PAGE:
Suggested donation at the door is $10. For information: 425-778-2159 or online here. Suggested donation: $15 adults, $10 for seniors and students, or pay as able.
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Evergreen Ensemble presents: Grief & Gratitude
• 7 p.m. Saturday, Nov. 11, Edmonds United Methodist Church, 828 Caspers Street, Edmonds
• 3 p.m. Sunday, Nov. 12, Trinity Parish Episcopal Church, 609 8th Avenue, Seattle
Evergreen Ensemble is a recently formed professional choral ensemble that is based and presented its debut performance last April here in Edmonds. On Nov. 11, the ensemble is preparing to launch an inaugural full season for 2023/2024 with another performance in Edmonds, presenting a concert program titled Grief & Gratitude.
The program will seek to explore the relationship between grief and gratitude, and how those two emotional experiences so often exist side by side. The central work is a mass setting by Austrian composer Marcel Tyberg, a promising young composer whose life was cut short by the Holocaust in 1944, and will also feature music by composers Stephen Paulus, Moses Hogan, Jocelyn Hagen, Matthew Emery, Pablo Casals and more.
Led by Artistic Director and Edmonds native David Hendrix, the ensemble will feature a roster of 27 singers from the greater Seattle area and around the country, and will be accompanied by organist Nick Abbott. Performances are on Nov. 11 at 7:00 P.M. at Edmonds United Methodist Church and Nov. 12 at 3:00 P.M. at Trinity Parish Church in Seattle. For tickets and more information please visit their website.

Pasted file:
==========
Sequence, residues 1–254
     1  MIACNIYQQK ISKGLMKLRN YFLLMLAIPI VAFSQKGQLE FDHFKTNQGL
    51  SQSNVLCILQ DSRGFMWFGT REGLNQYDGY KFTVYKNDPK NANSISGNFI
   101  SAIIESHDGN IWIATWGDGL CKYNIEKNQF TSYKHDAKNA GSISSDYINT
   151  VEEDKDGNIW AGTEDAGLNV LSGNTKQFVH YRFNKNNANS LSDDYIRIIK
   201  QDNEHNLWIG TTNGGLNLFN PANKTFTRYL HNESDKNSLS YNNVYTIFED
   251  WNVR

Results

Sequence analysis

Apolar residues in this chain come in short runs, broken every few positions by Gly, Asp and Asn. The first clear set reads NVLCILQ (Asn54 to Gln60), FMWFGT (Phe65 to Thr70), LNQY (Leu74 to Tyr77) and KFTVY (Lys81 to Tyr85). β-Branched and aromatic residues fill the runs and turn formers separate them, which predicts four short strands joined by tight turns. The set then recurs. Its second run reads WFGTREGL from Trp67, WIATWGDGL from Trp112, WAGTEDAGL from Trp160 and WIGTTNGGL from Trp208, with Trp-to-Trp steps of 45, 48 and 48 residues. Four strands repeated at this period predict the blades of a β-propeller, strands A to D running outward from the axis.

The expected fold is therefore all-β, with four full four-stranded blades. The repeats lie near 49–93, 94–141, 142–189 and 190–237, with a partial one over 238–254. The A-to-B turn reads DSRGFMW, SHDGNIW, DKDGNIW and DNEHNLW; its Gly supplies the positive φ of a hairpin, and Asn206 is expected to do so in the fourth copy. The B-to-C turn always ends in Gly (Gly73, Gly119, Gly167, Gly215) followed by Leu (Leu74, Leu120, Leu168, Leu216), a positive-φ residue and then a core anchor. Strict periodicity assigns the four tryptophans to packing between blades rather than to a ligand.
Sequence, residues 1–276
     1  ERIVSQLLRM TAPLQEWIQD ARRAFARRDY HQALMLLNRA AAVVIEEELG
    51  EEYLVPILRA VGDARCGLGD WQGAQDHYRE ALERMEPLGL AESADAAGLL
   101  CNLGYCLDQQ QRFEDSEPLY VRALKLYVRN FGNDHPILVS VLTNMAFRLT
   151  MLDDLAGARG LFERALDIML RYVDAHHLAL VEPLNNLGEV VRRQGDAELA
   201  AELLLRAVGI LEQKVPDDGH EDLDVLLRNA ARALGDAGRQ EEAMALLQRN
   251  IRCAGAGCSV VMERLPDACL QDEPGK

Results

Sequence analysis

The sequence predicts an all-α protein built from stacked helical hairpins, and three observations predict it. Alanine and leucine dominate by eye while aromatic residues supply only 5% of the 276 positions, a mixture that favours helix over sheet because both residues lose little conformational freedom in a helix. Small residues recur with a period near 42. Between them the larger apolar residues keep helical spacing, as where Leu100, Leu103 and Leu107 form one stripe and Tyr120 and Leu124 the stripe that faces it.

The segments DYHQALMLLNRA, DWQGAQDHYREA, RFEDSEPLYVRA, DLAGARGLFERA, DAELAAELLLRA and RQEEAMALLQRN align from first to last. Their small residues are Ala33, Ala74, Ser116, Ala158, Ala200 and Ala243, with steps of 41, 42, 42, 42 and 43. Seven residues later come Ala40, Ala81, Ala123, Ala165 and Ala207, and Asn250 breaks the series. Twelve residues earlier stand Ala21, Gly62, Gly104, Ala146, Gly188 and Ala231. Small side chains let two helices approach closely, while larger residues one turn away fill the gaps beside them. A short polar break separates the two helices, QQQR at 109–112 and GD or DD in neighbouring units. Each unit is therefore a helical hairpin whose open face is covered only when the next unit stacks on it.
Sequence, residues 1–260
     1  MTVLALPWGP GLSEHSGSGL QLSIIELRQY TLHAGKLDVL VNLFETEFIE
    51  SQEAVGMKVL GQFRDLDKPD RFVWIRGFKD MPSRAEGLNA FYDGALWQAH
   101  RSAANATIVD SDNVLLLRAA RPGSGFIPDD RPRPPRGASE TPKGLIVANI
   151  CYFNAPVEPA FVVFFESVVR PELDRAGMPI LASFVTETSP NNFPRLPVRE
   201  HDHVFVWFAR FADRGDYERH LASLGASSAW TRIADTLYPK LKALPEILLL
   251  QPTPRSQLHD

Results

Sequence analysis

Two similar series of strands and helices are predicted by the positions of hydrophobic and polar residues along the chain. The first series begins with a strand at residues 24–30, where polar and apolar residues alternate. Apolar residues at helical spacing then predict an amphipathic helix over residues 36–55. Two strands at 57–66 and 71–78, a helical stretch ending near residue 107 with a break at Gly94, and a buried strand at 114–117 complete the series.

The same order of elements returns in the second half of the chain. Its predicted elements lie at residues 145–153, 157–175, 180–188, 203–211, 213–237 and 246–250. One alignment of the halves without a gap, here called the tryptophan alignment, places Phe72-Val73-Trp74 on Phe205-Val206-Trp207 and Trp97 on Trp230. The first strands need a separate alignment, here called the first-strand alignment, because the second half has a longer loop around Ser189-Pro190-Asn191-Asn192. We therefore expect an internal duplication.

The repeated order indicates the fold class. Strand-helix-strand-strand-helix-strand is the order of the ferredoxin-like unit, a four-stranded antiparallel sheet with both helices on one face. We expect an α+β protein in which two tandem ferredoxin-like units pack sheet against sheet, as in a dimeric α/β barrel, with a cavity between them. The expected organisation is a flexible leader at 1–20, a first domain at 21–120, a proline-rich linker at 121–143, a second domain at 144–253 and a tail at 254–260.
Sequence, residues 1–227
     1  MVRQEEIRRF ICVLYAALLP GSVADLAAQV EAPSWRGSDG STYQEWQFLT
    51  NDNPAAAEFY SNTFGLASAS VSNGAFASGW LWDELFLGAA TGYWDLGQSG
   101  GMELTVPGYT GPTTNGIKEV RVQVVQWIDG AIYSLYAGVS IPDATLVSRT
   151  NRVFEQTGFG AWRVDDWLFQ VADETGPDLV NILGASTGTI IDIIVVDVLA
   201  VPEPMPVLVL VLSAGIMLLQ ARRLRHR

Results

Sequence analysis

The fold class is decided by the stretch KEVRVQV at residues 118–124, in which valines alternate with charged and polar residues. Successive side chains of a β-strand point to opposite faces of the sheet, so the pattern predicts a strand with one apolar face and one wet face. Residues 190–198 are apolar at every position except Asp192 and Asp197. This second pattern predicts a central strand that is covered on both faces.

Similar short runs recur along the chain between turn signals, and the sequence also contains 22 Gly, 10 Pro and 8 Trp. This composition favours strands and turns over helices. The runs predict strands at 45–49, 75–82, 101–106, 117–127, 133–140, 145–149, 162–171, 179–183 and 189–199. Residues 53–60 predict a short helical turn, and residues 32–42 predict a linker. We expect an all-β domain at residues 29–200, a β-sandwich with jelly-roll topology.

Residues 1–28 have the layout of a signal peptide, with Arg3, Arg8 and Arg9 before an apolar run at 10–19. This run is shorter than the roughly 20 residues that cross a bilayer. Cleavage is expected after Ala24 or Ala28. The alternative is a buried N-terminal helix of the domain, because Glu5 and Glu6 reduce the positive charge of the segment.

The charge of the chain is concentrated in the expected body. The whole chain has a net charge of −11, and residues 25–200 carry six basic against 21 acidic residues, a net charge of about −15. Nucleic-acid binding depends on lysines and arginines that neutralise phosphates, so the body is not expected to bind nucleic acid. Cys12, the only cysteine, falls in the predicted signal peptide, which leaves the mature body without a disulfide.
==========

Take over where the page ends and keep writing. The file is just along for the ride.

My Edmonds News readers can use the promo code MYEDMONDS10 for a 10% discount on tickets.
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“Ride the Cyclone,” A Ballyhoo Theatre Mainstage Production
Black Box Theatre at Edmonds College, 20310 68th Avenue West, Lynnwood
In this outlandish story by Jacob Richmond and Brooke Maxwell, the lives of six teenagers from a Canadian chamber choir are cut short in a freak accident aboard a roller coaster. When they awake in limbo, a mechanical fortune teller invites each to tell a story to win a prize like no other — the chance to return to life.
Full of zany, vaudeville-style numbers, as each character pleads for their life, Ride the Cyclone is a gritty, screwed-up comedy, both unsettling and thrilling.
Ride the Cyclone is rated PG-14 and may not be suitable for younger children. For tickets, a parent guide, and more information, go to the Ballyhoo website.
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“Driven to Espresso”: Pick up a free coffee table book about coffee
Log Cabin Visitor Information Center, 121 5th Avenue North, Edmonds
“Driven to Espresso” is a fascinating chronicle of the mobile part of coffee culture. Ray Weisgerber’s photos perfectly capture a part of the American landscape that is quirky, local-based, and growing. You won’t be able to put it down until you’ve inspected each of the unique buildings. You’ll also enjoy reading about how and why these businesses keep springing up everywhere, and how they manage to stay in business. Get a free copy of the book at the Log Cabin Visitor Information Center.
— By Elizabeth Murray
Elizabeth Murray is a freelance writer thankful to call Edmonds home. When she’s not busy wrangling her two kids (and husband), you can find her playing ukulele.